Happy spring! I’m excited to share one of my favorite silly games to play at home. This classic theater game presents a concrete way to pivot from screens to play. It is called, ‘What are You Doing?” and it is loads of fun.
Normally, this is a great group game, and you’ll see it played in a circle with our Child’s Play NY teachers in the video below. However, the beauty of it, that I recently experienced, is that you can adapt it to play with much fewer people. It is my new go-to for those between times when kids lunge for a screen but you’d rather set them up with an alternative.
I recently played it with my son and his friend on a play date after lunch. We had been doing What Do You Like More? and One Word Story around the table. That was fun, but then the meal was done, kids were getting wiggly and there was a wind advisory so the playground was a non-starter. I went over on the rug with them and played “What Are You Doing?” to get the energy out and jump-start their own imaginations. The best part was, I set it up, played a few rounds with them, and then walked away. Delightfully, they kept playing on their own until it morphed into some other game of their own invention (and I went back to my cathartic spring cleaning!).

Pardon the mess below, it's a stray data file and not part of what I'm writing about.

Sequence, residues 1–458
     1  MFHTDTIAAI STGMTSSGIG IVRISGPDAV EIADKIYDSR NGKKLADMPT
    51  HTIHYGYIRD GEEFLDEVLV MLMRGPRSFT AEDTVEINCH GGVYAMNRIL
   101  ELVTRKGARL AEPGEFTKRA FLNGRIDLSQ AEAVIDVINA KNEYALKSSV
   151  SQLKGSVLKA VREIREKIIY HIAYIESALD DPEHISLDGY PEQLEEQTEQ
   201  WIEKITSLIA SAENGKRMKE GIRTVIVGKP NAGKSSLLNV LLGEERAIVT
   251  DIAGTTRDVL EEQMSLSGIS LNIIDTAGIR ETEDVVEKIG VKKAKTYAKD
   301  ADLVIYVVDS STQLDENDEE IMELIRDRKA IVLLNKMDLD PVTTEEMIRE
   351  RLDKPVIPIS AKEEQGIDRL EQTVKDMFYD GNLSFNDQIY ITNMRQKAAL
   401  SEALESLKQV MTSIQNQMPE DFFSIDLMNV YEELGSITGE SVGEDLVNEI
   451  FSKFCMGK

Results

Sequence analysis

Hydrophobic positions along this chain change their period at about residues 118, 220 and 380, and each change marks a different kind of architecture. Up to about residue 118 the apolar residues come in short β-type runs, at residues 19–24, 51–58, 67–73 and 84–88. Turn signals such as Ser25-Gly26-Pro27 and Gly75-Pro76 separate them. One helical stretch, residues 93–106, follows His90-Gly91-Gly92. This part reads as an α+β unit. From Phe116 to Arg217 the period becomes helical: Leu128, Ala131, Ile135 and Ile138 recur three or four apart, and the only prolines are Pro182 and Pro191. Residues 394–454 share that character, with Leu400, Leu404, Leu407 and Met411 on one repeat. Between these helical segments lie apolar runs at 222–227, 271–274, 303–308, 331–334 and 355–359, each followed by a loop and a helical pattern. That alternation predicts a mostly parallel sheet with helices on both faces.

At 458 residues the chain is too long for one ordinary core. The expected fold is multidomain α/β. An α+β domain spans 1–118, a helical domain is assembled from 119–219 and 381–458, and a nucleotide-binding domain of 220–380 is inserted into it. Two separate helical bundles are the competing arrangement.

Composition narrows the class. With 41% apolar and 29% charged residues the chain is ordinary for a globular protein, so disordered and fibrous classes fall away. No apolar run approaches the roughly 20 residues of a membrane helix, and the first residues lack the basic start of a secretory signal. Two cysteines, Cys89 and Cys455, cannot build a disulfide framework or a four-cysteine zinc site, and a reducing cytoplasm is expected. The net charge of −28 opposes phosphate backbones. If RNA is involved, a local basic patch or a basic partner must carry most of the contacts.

How to Play “What Are You Doing?”
Check out our charismatic teachers playing “What Are You Doing?”
Play the Game With Just Two People